Steph: Knowing that dust is a camera’s worst enemy, how did you deal with the atmosphere?

Jason: The main thing was not to change lenses in areas that it was dusty. It also depends on how much time you spend down there. I would tuck the camera under my fleece jacket or a raincoat in that case. Often what you can or can’t do depends on how much time you spend down there.

Steph: Sure. How much time total did you spend underground?

Jason: I think we spent about eight hours that first time, and then the day of compadres during Carnival, I don’t know if I actually calculated, I was probably down there another six hours again, quite possibly, and then another time for a few hours here and there. So, if you add all that up, you know, maybe 20, 25 hours altogether.

Steph: Were there things that came up that caught you totally by surprise?

Jason: There’s fear that you have to deal with, especially with regard to claustrophobia. There are a few wooden ladders that you have to use to get down to different levels and then squeeze between rocks and you don’t necessarily know what the safety standards are. So, you’re not sure what’s going to be around the next bend, or if somebody’s going to be setting off dynamite or what’s going to happen, so that was bit challenging, as well.

Also interesting, actually, was witnessing some of the emotional moments of the miners.

One day we ended up celebrating with some of the women on the day of comadres, which is dedicated to women. It’s almost like a Mother’s Day, but more for the women of the mines. We brought along serpentinas and decorations and drinks and some beer and stuff to celebrate with the women, but when we got there we found that most of the men were just kind of off working and they weren’t paying it a lot of attention. So, in a sense, we kind of got the party started. It was almost like our presence forced the men to acknowledge that they were supposed to put down their tools and go out and buy some beer and celebrate with the women.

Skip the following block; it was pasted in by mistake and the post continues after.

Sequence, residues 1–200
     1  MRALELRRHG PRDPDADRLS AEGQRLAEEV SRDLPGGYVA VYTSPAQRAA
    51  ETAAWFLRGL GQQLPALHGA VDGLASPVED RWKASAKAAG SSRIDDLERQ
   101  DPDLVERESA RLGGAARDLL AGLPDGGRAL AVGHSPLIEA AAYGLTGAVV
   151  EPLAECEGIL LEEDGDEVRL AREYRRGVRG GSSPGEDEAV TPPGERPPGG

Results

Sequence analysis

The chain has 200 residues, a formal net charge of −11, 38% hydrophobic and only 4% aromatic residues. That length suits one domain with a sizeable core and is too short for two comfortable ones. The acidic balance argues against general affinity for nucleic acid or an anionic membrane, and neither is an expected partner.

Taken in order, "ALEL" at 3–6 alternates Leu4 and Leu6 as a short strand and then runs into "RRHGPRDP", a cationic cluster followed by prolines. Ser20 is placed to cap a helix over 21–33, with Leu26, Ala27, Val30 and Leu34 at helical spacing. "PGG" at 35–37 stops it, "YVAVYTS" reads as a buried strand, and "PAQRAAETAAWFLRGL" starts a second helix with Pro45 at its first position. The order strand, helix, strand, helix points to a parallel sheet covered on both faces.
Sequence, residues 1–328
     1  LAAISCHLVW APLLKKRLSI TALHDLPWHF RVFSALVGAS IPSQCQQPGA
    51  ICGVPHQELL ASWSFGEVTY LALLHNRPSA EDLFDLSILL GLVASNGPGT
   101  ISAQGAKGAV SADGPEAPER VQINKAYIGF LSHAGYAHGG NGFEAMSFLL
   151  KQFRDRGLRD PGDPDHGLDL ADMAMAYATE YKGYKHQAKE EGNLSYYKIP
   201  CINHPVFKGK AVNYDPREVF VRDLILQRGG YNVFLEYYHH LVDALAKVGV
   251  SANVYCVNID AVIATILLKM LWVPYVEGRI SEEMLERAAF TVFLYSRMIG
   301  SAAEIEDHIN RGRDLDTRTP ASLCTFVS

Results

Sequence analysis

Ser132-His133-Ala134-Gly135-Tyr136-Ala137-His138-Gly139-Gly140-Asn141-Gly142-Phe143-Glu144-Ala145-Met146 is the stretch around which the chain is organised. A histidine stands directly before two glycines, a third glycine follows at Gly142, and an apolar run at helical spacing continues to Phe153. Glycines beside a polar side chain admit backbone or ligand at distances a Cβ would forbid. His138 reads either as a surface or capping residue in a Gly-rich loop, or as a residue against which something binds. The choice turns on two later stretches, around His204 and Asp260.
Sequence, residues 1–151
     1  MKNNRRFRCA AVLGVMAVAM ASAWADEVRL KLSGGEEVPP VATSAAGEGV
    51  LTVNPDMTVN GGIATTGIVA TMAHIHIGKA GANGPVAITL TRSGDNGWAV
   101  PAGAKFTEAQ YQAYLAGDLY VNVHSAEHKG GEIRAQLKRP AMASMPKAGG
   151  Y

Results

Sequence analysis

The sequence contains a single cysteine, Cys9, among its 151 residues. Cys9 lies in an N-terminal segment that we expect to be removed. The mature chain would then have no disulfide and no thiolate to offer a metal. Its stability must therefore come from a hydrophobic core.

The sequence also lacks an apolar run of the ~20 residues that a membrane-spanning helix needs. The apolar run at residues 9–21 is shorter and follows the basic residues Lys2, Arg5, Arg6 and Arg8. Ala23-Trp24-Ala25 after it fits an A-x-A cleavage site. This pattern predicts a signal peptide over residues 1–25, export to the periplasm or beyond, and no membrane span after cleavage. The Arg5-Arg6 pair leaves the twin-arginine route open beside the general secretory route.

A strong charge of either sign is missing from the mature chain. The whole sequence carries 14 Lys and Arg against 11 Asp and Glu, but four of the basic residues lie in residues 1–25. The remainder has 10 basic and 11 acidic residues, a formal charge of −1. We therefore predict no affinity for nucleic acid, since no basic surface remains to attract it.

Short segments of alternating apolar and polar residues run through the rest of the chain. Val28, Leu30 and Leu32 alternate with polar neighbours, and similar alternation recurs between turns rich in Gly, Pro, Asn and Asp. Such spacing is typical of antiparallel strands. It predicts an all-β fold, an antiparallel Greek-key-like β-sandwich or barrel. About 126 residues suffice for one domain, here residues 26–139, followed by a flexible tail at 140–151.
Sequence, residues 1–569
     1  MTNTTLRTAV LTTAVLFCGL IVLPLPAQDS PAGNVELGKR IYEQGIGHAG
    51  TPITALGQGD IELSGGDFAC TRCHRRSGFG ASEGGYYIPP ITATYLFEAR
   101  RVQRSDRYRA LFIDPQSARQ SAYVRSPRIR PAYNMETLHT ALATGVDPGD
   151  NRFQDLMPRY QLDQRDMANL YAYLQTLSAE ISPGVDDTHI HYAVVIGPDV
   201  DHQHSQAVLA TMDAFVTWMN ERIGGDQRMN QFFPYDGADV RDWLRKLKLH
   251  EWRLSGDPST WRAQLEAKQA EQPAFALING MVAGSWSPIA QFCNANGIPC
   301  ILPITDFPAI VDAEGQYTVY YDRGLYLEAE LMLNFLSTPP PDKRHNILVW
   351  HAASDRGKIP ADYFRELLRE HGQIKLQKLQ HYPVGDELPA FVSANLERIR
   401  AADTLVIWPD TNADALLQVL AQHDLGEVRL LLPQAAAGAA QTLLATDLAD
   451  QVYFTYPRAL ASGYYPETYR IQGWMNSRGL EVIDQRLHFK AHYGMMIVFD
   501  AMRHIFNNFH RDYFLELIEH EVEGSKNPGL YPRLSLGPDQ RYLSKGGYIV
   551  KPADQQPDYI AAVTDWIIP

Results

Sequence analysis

Steph: Interesting.

Jason: Especially after a couple drinks. A lot of the women have many children and their husbands have run off and so they have to basically sort the rubble outside of the mines to try and scrape together a living. So they become kind of sad on that day, and then the men start to feel really bad that they’re not paying more respect to the women because they remember their mothers. And all of a sudden everybody’s starting to remember their mothers and everybody’s got tears in their eyes. I wasn’t expecting that. I was expecting more of a festive atmosphere.

Steph: So if you were to do this project over, is there anything that you would do differently next time?

Jason: I don’t know if I could quite put it in those terms because this is still an ongoing project for me. I’m trying to work on a photo project which is essentially a biography of the Bolivian miner. I hope to dig into the allegory of the miner’s life and his Faustian bargain. And everything the miner represents in terms of a prototypical revolutionary figure in Bolivia, as well.

It’s something I would have liked to have done for the original story as well, but there’s only so much time and that type of thing takes a lot more time. You can’t just show up for a few weeks and get into that, necessarily, unless you’re very lucky.

Steph: So do you have plans to go back then?

Jason: Yes. I’ll definitely be going back this year, sometime before the elections in December. It could be sooner or later depending on how things go here.